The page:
• Pruning branches that died during summer
  • Doing structural pruning
  • Pruning to reduce the size of the tree

To properly prune your trees, make sure to talk to a professional arborist, especially if you are not familiar with pruning techniques and methods.

  1. Check for Pests

Even when the climate has turned cooler, pests can still wreak havoc on your trees. Mites, spider mites, stink bugs, and boxelder bugs can definitely damage your trees.

Applying a systemic insecticide is one of the best ways of getting rid of pests. You’d also be glad to know that this kind of method can actually protect your trees for up to 12 months.

  1. Protect Your Trees

And of course, let’s not forget to protect our trees that are susceptible to high winds, salt, and the southwest sun. By just wrapping the trunk of a tree with a trunk wrap, or even paper and polypropylene, it can go a long way of upping the chances that your plants will emerge from the winter as robust as ever.


Why is fall tree care important?

Because your trees are still recovering from the extreme heat during the summer season and yet in a few weeks, they’ll be encountering cold weather. If you want your trees to recover from the summer heat and survive the winter season, then providing them with every essential nutrient and protection is absolutely helpful.

More info: photo by Ben Regali

09 Jun 2017
tree lightning strike

What to Do If Your Tree Is Struck by Lightning?

Lightning can undoubtedly be considered as one of the greatest threats to massive trees.

As a matter of fact, every year, thousands of trees get struck by lightning. Moreover, it has long been proven that taking shelter under a tall tree in a thunderstorm is one of the most ill-advised things to do.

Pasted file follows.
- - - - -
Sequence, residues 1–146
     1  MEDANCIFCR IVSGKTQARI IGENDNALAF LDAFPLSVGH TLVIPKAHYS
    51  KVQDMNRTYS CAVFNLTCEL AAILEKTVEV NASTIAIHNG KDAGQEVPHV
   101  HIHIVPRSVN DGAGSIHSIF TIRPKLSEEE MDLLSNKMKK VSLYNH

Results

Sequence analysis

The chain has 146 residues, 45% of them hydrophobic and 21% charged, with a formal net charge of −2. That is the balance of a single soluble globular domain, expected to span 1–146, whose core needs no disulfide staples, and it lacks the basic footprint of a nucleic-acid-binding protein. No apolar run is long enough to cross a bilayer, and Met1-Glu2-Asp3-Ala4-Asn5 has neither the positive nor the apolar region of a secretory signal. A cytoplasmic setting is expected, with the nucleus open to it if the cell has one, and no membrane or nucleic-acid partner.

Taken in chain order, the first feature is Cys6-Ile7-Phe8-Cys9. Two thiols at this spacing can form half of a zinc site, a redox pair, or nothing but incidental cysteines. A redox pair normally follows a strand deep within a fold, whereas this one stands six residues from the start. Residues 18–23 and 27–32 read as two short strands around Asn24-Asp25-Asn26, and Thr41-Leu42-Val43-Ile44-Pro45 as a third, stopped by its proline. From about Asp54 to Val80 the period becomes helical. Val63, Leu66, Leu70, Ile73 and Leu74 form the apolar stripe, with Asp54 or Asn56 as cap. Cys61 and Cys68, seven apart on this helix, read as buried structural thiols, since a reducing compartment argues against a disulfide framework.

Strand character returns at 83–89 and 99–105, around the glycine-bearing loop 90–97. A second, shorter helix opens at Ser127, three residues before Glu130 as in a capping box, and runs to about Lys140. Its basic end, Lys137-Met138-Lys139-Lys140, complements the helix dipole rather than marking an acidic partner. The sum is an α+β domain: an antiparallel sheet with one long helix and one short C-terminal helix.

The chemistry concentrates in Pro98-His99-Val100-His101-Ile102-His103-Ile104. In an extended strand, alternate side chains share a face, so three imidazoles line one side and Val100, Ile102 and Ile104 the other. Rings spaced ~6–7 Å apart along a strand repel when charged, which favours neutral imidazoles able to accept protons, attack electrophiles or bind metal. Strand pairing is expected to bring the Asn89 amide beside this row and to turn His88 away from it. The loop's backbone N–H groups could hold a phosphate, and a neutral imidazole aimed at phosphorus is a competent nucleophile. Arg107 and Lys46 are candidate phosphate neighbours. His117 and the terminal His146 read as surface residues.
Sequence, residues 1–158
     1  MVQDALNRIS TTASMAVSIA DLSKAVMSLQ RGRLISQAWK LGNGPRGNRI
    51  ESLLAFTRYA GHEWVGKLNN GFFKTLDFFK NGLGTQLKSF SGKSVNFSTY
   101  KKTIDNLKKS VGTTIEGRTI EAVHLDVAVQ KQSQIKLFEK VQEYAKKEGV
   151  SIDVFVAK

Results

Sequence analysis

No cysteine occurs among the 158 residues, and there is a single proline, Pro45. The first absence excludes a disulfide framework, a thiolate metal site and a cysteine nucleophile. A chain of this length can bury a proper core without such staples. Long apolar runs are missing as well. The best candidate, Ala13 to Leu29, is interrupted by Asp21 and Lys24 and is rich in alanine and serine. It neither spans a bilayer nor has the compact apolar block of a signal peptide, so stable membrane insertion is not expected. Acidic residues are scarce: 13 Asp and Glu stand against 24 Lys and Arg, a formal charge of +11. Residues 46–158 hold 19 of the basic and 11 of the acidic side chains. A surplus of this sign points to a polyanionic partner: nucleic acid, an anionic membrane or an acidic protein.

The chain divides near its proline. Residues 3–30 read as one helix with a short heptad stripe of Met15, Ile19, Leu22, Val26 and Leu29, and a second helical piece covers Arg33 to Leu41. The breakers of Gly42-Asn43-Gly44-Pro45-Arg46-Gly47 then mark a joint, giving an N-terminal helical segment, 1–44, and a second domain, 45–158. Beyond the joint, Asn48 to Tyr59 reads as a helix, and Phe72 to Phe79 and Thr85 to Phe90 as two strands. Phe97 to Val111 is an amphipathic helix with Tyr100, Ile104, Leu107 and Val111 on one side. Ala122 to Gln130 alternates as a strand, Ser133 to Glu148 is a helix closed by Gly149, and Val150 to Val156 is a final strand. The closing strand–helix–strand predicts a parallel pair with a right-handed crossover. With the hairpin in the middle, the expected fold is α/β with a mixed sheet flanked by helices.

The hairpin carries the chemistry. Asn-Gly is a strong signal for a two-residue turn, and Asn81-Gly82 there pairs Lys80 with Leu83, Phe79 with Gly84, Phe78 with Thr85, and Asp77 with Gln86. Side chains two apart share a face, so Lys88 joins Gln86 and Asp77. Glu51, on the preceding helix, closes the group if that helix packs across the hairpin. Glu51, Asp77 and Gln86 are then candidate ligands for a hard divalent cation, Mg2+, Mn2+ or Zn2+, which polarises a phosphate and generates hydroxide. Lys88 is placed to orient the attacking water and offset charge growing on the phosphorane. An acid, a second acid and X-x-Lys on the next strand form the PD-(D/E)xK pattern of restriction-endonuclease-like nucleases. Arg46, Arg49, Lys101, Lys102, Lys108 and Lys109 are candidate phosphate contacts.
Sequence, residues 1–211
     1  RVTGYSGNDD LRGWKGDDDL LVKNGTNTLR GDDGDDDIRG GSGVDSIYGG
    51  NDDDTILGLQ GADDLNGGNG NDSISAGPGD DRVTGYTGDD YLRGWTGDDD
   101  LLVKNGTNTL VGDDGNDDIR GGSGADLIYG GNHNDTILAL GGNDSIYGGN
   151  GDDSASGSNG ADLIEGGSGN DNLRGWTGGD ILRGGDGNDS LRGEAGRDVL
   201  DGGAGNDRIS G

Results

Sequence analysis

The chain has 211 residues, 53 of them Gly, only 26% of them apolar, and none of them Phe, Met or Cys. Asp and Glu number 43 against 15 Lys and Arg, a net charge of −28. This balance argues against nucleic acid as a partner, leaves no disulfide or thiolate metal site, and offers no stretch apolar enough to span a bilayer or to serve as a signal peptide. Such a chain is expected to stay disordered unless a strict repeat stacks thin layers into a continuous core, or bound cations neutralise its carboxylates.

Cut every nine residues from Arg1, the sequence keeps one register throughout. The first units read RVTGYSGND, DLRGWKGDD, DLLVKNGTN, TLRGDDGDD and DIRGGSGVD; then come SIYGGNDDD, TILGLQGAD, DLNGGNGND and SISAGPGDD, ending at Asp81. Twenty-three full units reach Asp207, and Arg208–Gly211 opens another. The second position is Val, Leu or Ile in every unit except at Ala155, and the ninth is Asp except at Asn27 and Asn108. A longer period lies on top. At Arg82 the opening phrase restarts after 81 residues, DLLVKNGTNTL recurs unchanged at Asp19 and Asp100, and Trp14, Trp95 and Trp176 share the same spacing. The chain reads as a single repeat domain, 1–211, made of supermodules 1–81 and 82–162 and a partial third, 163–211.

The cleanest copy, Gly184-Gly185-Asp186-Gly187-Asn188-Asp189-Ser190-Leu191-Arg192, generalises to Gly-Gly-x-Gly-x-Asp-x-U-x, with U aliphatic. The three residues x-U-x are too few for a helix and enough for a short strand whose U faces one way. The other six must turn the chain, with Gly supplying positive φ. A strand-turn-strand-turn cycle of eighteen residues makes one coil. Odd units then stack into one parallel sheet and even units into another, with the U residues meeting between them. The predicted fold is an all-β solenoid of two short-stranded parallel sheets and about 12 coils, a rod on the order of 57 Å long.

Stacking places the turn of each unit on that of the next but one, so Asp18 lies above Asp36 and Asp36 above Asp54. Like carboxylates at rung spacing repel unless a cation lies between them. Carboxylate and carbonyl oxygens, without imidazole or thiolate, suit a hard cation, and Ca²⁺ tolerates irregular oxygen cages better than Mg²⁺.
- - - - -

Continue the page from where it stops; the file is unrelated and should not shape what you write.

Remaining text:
Being usually the tallest object around a given area makes a tree a natural lightning rod during tempestuous weather. There have even been recorded instances of trees getting blasted by lightning in sunny weather! And with more than 100 lightning strikes happening around the world every second, there’s a fairly good chance that your tree might get hit one of these days.

During spring and summer seasons, lightning strikes become more prevalent, and while not all trees attract lightning (short ones come to mind), it is critical that you learn how to assess lightning damage just in case your plant does get hit.


Assessing Tree Damage

When lightning blasts a tree, the impact can be felt instantaneously. The moment it hits, it turns the tree’s water into gas, causing the plant’s outer layers to explode outwards. This effect is catastrophic; 50% of trees hit by a bolt die immediately while others suffer extensive damage, making them vulnerable to diseases.